One described ensnaring an enemy in roots with the intention of leaving them in place to starve and die. This was described as being fueled by “anger and resentment, a strong desire to end life in as cold blood as possible.” Alida hoped she wouldn’t find herself using these roots.

Near the back of the book the rules of magic were detailed, and the power of veins were explained to Alida. “The veins of a mage are fueled by the teas that they drink. If a mage, however, consumes their tea reagents without dilution, one vein will burst upon their face – after a brief sequence of extreme power. When all of a mages’ veins are exhausted, they will find themselves in a state of infertility, and inability to cast. After time, the powers that came to them with magic will, too, fade. Every mage reacts to exhaustion of a vein differently – many fire mages are known to become insatiable, filled with bloodlust, while many water mages find themselves more calm and focused on the task at hand.”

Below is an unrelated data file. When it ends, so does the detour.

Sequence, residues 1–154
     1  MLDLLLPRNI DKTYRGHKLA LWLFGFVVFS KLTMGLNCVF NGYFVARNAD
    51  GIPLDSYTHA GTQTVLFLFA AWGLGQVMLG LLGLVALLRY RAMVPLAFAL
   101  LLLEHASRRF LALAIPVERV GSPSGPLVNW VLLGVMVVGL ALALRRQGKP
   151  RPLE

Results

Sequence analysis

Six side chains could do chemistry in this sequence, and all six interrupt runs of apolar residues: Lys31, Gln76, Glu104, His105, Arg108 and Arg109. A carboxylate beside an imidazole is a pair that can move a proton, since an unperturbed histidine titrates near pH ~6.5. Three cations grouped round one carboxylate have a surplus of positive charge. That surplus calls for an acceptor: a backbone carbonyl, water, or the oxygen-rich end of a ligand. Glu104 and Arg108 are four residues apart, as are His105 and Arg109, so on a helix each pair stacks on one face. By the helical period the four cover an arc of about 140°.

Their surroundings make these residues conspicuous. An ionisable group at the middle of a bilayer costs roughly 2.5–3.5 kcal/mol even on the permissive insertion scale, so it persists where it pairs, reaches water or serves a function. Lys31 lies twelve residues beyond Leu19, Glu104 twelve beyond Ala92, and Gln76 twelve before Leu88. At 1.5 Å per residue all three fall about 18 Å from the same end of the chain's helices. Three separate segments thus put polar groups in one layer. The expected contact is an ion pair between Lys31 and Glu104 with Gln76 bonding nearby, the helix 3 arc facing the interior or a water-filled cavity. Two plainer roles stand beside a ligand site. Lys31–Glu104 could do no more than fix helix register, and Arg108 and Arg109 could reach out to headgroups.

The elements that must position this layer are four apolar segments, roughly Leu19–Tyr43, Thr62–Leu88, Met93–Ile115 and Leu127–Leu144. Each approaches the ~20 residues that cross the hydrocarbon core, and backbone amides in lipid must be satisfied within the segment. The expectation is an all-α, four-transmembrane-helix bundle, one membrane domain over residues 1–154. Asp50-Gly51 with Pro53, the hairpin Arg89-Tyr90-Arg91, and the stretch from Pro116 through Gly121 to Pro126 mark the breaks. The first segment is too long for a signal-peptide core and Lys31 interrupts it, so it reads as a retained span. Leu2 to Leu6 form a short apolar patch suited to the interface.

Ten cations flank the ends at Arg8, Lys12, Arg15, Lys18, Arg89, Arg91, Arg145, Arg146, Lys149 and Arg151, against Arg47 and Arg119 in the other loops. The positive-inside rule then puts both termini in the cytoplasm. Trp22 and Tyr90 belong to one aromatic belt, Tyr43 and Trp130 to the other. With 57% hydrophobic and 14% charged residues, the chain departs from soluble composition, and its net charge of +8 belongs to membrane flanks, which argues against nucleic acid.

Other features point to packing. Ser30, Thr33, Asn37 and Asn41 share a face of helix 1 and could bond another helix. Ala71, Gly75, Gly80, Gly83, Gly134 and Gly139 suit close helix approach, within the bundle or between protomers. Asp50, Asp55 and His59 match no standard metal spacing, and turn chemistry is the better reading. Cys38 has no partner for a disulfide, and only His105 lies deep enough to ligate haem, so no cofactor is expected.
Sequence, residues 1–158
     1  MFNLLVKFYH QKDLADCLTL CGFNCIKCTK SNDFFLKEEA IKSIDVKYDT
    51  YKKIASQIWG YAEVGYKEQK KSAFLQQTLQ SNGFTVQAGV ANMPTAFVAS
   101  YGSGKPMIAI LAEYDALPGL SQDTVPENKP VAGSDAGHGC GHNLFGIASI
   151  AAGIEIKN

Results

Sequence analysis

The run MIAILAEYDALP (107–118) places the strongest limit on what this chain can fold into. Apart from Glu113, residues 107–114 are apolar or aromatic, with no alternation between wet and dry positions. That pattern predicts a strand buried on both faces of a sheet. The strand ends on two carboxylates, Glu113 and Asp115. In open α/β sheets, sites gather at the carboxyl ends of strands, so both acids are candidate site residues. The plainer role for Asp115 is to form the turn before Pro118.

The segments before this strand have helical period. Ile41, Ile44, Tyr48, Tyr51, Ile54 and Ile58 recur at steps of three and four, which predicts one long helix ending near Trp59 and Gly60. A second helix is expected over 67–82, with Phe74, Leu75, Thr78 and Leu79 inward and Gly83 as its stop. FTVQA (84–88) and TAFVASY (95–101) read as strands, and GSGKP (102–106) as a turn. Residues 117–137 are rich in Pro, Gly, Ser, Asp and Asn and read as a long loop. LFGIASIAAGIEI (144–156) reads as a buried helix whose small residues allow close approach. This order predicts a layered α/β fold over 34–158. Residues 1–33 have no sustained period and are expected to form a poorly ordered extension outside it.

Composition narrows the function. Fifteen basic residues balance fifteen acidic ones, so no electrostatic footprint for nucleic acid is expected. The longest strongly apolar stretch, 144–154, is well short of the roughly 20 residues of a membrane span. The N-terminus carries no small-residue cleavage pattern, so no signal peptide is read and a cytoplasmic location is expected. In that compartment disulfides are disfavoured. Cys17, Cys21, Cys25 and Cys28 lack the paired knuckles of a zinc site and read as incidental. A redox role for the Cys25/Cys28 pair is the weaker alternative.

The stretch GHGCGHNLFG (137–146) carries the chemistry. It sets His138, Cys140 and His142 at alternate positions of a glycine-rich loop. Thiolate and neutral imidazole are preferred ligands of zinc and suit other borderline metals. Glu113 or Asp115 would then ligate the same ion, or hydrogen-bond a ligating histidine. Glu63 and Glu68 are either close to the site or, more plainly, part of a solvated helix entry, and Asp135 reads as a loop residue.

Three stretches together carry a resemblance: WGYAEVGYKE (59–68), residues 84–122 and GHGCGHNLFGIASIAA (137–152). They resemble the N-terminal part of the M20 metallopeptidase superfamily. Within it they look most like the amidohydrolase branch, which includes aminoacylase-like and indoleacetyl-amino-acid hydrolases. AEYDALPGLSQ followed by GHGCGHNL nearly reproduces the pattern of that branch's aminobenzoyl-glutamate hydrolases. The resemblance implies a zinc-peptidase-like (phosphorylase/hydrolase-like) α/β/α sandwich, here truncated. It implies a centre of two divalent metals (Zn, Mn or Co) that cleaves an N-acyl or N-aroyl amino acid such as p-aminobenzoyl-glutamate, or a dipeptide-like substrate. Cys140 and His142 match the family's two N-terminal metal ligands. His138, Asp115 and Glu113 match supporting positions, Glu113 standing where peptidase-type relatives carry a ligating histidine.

Alida noticed that it didn’t describe what happened when a life mage exhausted one of their veins. She hoped she wouldn’t have to find out.

She finished the book. There was no mention of the other two magics, but a note was scrawled on the back page of the book. “ONE MORE MAGIC LIVES” it read, a symbol in the shape of a cross was drawn beneath it, mirroring the triangle at the front of the book. She figured this meant death magic, the magic that rose when the book found itself lost to the world.

“DO YOU LIKE MY ADDITION?” a familiar voice rang through her room. Kasall didn’t seem to react to it, so Alida realized the Mage of Death spoke directly to her. “I ADDED THAT IN THIS MORNING, I HOPE YOU CONSIDER IT, ALIDA JERE. I STILL HAVE POWER, ALIDA JERE, AND I HOPE YOU WILL CONSIDER IT. SLEEP WELL, TONIGHT. A maniacal laugh followed the voices words, something Alida never associated with a sensible lifestyle choice. She figured it would be worth mentioning the cryptic message and power the mage seemed to exert into the world, but that could wait until tomorrow.